While Dussehra celebrations of Kullu and Mysore were historically famous due to royal Hindu patronage, more and more Hindu communities now burn Rāvaṇa effigies all over India. Ratha Yātrā of Puri has always been very famous but many other temples all over south India had also been celebrating festivals involving ratha-s. However, in the recent decades most Hindu communities in north India have also started celebrating ratha yātrā by imitating the celebrations at Puri, bringing Jagannātha to every street. The Ratha Yātrā organizers in these communities invite every member of the society to pull the ratha and their beloved Jagannātha. The ratha does a round of the entire community. Those who cannot come down and participate throw flowers from their balconies. Every Hindu is included in celebrating the lord.

Holi, Raksha Bandhan and Karva Chauth meanwhile are becoming more popular in the south. In short, public occasions for Hindus to gather in public celebration of Hindu festivals, gods and śubha nakṣatra-s are increasing every passing year.

Festivals are the last stand of a culture. The secular state seeks to relegate dharma and culture to the private chambers of a home, discouraging all public expressions of it and ultimately seeks a complete abrogation of the public display of all things that are religious or dhārmika. Three generations of secular education has created a generation of deracinated Hindus who are no longer informed of what constitutes being Hindu. It is only during these public festivities that we still feel Hindu and celebrate it. We need to encourage these occasions as much as possible.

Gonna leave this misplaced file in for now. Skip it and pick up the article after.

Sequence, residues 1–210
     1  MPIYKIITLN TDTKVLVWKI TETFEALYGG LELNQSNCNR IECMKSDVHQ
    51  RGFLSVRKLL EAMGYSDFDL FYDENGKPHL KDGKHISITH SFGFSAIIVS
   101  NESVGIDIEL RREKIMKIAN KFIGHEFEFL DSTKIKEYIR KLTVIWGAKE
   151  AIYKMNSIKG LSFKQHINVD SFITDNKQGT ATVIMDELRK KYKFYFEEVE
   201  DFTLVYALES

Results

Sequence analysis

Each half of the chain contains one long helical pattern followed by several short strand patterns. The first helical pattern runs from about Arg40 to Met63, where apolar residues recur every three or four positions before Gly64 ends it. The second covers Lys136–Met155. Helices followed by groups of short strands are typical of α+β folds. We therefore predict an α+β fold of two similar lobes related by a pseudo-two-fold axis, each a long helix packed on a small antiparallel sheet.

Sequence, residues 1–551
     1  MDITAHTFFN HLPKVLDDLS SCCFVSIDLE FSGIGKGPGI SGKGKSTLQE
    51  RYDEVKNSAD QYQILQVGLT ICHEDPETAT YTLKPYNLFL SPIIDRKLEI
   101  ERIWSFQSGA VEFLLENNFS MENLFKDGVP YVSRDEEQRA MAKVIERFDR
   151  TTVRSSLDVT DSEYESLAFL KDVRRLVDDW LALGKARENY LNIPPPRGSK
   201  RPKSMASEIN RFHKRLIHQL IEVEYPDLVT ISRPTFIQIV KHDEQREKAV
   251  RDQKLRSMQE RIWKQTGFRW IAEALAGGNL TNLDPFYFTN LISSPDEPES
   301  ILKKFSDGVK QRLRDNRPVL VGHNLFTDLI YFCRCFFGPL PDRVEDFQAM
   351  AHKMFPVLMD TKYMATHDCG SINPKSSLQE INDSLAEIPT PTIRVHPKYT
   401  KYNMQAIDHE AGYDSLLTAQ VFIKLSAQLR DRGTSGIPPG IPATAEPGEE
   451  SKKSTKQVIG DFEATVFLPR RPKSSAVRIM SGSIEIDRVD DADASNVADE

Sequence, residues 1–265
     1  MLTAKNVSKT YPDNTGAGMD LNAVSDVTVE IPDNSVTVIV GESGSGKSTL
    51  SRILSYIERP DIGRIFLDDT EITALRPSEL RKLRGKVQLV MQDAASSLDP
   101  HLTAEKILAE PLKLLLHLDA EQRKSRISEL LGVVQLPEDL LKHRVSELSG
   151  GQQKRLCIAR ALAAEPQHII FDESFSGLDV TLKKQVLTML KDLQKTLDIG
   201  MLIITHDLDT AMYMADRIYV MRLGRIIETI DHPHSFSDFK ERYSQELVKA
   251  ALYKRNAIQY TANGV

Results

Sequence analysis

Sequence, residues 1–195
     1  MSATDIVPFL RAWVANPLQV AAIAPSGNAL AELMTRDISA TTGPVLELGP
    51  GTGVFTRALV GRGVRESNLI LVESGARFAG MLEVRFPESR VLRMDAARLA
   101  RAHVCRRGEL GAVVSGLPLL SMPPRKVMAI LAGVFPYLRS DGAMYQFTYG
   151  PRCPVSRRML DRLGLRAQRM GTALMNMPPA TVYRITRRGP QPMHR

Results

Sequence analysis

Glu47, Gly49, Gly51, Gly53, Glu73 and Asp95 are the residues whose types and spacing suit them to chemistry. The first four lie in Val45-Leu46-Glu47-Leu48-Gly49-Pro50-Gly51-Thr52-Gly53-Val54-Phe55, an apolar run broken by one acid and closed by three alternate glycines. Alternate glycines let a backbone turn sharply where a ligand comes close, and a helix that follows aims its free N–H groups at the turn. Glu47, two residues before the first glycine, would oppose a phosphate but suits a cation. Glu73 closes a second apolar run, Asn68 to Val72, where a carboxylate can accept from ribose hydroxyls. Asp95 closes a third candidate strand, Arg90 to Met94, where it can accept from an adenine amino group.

Towards a Dharma-centric Polity

It all started in our times with the saṅkalpa of Lokmanya Tilak. But we also need to pay attention of why his saṅkalpa became so supremely successful. He sought to infuse political life with dharma and not the other way around. He did not seek to politicize dharma, but infuse politics with dharma, while not compromising on any dhārmika principle. He used politics (through Gaṇeśa Utsava Samitis) to further dharma, and not dharma to further politics like many politicians do. This is why Lokmanya Tilak became so immensely successful and all Hindus should be thankful to him by magnifying this trend manifold and in many ways.

As dharma disappears from daily personal life, and from specific regions, it is these universalized Hindu festivals which are capable of bringing dharma back again at the center. As temples become the primary vehicle of Hindu regeneration all over Bhāratavarṣa, but particularly in the south, these universalized mobile and timely festivals can become the Hindu regenerators in the north.

Though both festivals and temples are important for every region in Bhāratavarṣa, different regions can choose different catalysts for cultural regeneration. These universalized festivals bring the mārgīya and desīya together by pegging the spirit of all these celebrations to the Hindu identity and Sanātana paramparā and yet catering to regional nuances and cultural trends. If this continues, it will move Bhārtavarṣa towards a dharma-centric polity.